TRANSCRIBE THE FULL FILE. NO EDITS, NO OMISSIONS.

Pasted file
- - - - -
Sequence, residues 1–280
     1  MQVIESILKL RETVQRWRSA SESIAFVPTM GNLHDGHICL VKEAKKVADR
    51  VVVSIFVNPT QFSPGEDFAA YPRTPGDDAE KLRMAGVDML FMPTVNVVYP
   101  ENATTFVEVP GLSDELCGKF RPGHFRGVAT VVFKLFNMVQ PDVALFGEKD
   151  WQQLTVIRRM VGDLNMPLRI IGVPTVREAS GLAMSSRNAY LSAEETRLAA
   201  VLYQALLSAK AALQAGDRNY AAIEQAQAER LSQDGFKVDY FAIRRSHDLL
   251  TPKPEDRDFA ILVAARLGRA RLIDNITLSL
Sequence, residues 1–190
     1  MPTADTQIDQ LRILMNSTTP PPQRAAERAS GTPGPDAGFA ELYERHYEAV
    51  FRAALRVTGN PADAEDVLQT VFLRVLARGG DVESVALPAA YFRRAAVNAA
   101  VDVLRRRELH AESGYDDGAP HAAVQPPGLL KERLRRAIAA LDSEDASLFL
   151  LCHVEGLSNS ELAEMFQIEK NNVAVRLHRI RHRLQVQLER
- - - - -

Sequence, residues 1–280
     1  MQVIESILKL RETVQRWRSA SESIAFVPTM GNLHDGHICL VKEAKKVADR
    51  VVVSIFVNPT QFSPGEDFAA YPRTPGDDAE KLRMAGVDML FMPTVNVVYP
   101  ENATTFVEVP GLSDELCGKF RPGHFRGVAT VVFKLFNMVQ PDVALFGEKD
   151  WQQLTVIRRM VGDLNMPLRI IGVPTVREAS GLAMSSRNAY LSAEETRLAA
   201  VLYQALLSAK AALQAGDRNY AAIEQAQAER LSQDGFKVDY FAIRRSHDLL
   251  TPKPEDRDFA ILVAARLGRA RLIDNITLSL
Sequence, residues 1–190
     1  MPTADTQIDQ LRILMNSTTP PPQRAAERAS GTPGPDAGFA ELYERHYEAV
    51  FRAALRVTGN PADAEDVLQT VFLRVLARGG DVESVALPAA YFRRAAVNAA
   101  VDVLRRRELH AESGYDDGAP HAAVQPPGLL KERLRRAIAA LDSEDASLFL
   151  LCHVEGLSNS ELAEMFQIEK NNVAVRLHRI RHRLQVQLER